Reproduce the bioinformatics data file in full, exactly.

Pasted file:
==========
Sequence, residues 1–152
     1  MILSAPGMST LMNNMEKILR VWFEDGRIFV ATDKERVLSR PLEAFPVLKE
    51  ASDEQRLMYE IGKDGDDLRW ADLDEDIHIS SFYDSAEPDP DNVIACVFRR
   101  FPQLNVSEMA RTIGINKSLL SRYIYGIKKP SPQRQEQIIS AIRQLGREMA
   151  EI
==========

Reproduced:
Sequence, residues 1–152
     1  MILSAPGMST LMNNMEKILR VWFEDGRIFV ATDKERVLSR PLEAFPVLKE
    51  ASDEQRLMYE IGKDGDDLRW ADLDEDIHIS SFYDSAEPDP DNVIACVFRR
   101  FPQLNVSEMA RTIGINKSLL SRYIYGIKKP SPQRQEQIIS AIRQLGREMA
   151  EI